Atreyee (left) with Sanghamitra on the Maidan in Kolkata with their son between them in the background

As with earlier debates about feminism, discussion of LGBTQIA+ has been seen as dominated by the ‘white bourgeoisie’ in an international context and by their representatives within national debates in countries with largely non-white populations. This film is a contribution to the debate from a specific setting in Kolkata. In Fact . . . sets out its stall to be an authentic statement organised around the stories of three women (and their families and friends) who discuss their lives and their choices which determine how they identify themselves. The film is a ‘medium length’ documentary of 51 minutes, written, directed and photographed by Debalina Majumder. It is produced by Sappho for Equality, an NGO with a mission to address the issues of sexually marginalised women in society. In Fact . . . is currently streaming on MUBI in the UK, alongside two of Majumder’s earlier films which will unfortunately probably disappear before you read this. In Fact . . . has been well received at a number of Indian film festivals but does not, as far as I am aware, have any international distribution apart from streaming on MUBI. I hope that some enterprising UK distributor will find it.

Debalina Majumder is an experienced filmmaker with around eighteen credits as as writer, director and/or cinematographer since 2004. The experience shows in the high quality of the documentary with excellent technical credits and the confident and skilled presentation of the three subjects. In the first section we meet Atreyee who was married to a man and had a son who she took with her when she left the marriage and moved in with Sanghamitra. The boy Tukai, now growing up, accepts that Atreyee is his father figure and Sanghamitra his mother figure. He says that at school he has been teased by classmates about his parents, but he is used to it now and it doesn’t bother him. The couple are estranged from their families and they say that they have got married. As far as I am aware the Union government are opposing the Supreme Court and any state that argues for same sex marriage but clearly it is being practised in West Bengal. Atreyee and Sanghamitra speak eloquently  about their relationship from the roof space of their dwelling. Their neighbour appears to shun them, but when they are filmed on the Maidan, where many people gather to enjoy sport and recreation in Kolkata, they appear happy and relaxed. Atreyee now considers his/her identity to be that of a ‘transman’.

The second case study concerns Provat, born a girl but always feeling themselves to be a boy. Her/his parents always wanted a boy and dressed Provat that way. Provat stayed away from school rather than wear a sari. S/he became a successful footballer and eventually developed what s/he describes as a fantasy life with a young woman, but it did not last. S/he has now decided that s/he doesn’t want surgery but is happy with the body s/he has and continues to dress and cut their hair like a young man. Provat’s mother confirms the story and appears happy to support Provat in whatever s/he decides to do.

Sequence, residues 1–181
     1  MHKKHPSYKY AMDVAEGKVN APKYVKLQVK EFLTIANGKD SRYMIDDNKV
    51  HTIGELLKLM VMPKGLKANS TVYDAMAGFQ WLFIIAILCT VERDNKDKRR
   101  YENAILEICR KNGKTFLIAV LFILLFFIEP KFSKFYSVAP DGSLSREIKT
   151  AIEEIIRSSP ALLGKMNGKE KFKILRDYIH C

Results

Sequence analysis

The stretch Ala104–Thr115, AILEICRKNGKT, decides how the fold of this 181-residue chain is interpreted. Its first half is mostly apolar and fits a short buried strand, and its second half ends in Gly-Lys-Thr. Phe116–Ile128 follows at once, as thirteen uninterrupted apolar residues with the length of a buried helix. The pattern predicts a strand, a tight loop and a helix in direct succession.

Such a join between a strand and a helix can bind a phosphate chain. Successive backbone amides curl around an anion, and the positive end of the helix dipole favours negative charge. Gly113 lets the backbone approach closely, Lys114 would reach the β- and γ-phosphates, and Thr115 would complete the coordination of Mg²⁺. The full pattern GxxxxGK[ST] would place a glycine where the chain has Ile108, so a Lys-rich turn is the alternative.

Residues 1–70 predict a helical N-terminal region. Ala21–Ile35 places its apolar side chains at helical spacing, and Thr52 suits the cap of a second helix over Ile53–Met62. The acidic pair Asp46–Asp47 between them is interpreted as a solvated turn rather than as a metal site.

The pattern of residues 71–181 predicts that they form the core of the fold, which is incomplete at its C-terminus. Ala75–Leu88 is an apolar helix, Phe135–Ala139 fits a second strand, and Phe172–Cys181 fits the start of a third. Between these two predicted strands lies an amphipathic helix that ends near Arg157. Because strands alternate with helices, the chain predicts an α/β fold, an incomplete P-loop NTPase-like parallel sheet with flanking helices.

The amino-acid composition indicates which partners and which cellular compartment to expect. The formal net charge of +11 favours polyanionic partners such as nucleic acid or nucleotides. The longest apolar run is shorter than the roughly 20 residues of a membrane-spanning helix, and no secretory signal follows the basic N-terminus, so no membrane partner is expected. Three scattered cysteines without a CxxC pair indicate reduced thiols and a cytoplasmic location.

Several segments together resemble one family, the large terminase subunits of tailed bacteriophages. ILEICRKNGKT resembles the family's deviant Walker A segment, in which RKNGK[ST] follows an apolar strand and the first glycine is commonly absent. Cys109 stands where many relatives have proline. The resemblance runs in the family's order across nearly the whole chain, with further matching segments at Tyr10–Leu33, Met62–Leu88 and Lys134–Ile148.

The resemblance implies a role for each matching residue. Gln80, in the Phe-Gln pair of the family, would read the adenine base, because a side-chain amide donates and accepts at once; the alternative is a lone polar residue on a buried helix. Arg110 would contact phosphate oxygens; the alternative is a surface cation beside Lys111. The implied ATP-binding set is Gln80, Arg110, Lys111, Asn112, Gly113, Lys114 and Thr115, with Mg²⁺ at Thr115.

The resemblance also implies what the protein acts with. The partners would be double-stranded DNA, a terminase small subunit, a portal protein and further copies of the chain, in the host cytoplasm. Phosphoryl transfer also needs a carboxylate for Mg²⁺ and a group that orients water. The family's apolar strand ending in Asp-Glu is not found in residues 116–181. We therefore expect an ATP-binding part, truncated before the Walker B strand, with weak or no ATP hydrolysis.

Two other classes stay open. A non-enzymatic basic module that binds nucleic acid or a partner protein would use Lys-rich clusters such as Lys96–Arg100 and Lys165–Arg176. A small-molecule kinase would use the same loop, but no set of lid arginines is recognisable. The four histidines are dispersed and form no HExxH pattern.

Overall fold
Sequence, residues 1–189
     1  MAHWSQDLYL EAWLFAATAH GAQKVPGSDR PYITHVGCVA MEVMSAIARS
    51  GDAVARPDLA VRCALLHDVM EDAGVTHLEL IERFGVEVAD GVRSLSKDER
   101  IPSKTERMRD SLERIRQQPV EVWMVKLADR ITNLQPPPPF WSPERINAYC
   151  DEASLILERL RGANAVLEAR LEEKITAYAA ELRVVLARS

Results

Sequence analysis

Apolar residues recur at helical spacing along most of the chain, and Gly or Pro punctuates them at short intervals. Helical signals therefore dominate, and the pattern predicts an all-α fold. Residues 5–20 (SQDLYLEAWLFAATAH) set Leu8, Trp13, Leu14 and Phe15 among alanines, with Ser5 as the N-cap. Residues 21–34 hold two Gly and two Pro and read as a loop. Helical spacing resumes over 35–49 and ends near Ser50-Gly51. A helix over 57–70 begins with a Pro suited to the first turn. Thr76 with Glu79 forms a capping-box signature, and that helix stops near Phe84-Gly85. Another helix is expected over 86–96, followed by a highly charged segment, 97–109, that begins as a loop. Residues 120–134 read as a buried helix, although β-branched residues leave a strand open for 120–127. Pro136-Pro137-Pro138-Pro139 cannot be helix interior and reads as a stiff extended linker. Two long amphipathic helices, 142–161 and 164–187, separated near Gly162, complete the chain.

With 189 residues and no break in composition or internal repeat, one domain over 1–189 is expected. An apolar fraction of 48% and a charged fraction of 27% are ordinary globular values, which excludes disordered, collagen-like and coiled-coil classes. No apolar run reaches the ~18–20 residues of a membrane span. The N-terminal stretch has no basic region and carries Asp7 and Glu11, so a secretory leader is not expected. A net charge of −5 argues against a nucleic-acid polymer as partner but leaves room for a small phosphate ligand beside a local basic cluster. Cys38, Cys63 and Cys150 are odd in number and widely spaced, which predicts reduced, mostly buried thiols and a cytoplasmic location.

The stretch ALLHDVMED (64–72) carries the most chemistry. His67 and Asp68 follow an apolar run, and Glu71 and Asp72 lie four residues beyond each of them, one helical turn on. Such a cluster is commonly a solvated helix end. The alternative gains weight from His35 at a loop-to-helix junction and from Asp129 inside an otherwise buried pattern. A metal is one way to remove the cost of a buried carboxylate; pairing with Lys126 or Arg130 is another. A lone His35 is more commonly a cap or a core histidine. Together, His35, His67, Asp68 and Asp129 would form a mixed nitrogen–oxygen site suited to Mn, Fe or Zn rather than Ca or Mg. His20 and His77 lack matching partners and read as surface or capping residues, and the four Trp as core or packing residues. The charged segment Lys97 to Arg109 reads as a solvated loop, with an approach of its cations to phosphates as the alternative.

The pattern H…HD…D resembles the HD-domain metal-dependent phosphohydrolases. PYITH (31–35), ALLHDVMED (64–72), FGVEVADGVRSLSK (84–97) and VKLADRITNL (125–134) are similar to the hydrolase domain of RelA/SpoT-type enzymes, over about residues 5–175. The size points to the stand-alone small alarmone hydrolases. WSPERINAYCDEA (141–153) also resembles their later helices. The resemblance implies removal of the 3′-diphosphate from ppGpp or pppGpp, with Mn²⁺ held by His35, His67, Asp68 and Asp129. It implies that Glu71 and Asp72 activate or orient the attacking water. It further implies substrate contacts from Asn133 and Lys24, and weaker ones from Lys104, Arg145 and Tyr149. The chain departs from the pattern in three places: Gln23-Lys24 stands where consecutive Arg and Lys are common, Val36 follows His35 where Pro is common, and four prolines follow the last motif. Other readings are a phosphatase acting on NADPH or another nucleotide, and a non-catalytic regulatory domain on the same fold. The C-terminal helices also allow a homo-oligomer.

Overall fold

Provat’s story overlaps with that of the third case study subject, Poushali who fell in love with another girl in her high school  and then moved on to university and a Masters in Mumbai.  We see her and Provat in a social gathering for LGBTQIA+ people and also out on the streets in Kolkata on a Pride march. We also meet Poushali’s mother Debika who talks about her in supportive ways and feels that her daughter can live as she wishes. At the moment, Poushali says she thinks being an activist and part of a community is what is most important and she wants to keep her sense of identity fluid. She doesn’t describe herself as a lesbian and she sometimes thinks of herself as part of a queer community. She seems to be someone who in the UK might be described as ‘well sussed’. It’s significant perhaps that Poushali is interviewed in a rural setting by the river rather than in the city where we first see her.

Throughout the documentary there is a musical score composed by Anindya Sundar Chakroborti. I did wonder if this might become distracting but I actually enjoyed the score very much and it seemed bridge transitions in the documentary effectively. At points the natural direct sounds are mixed with the score effectively (e.g. the bubbling water in an aquarium). One of the other effective devices is that we see a number of people watching the interviews on TV sets and computer screens in their homes or social spaces. And this is further developed in the lengthy end credits with some careful editing using simple VFX. The overall effect of this is that we get the impression of a wider community in Kolkata prepared to watch the interviews and comment on the relationships in what seems to be a calm and thoughtful way. Overall the documentary suggests that there is a genuine attempt here to consider a society in which people like those interviewed here can live safely with an identity they have chosen. I think this is a successful film, both as a documentary and as a statement.

I did find the subtitles to be a little confusing at times andI noted that sometimes the interviewees used English phrases mixed in with their Bengali speech. I have also made use of a review of the film by Dr. Shoma A. Chatterji that you can find on the website of Our Frontcover. If you have access to MUBI, I very much recommend In Fact . . . Here is the synopsis offered by MUBI:

. . . glimpses of lives that are lived on their own terms and in such living mark their resistance against stifling social norms that threaten to homogenise diversity. A celebration of love and togetherness with a difference; it is a celebration of the struggles to live those differences.